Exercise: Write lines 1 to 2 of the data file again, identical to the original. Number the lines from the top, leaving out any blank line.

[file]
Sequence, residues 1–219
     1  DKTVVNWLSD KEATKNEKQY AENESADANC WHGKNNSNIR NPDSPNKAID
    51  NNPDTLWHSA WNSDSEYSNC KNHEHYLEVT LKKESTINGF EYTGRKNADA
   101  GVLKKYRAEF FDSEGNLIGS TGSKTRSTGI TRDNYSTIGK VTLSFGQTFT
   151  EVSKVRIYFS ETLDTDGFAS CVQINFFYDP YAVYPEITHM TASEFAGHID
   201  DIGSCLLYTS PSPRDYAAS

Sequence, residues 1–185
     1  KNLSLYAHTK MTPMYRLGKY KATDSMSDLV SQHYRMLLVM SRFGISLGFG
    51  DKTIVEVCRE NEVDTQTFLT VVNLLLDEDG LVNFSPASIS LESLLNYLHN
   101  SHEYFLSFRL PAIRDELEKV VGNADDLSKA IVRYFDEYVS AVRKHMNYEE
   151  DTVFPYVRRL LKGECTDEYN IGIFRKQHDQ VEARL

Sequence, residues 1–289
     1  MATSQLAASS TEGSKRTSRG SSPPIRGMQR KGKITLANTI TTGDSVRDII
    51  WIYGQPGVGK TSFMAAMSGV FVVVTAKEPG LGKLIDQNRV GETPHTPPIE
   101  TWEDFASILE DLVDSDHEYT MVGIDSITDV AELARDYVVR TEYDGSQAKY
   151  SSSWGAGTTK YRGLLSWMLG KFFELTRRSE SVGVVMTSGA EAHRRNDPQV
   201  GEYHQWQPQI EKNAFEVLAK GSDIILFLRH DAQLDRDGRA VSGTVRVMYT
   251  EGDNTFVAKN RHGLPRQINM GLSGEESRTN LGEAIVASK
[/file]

Sequence, residues 1–219
     1  DKTVVNWLSD KEATKNEKQY AENESADANC WHGKNNSNIR NPDSPNKAID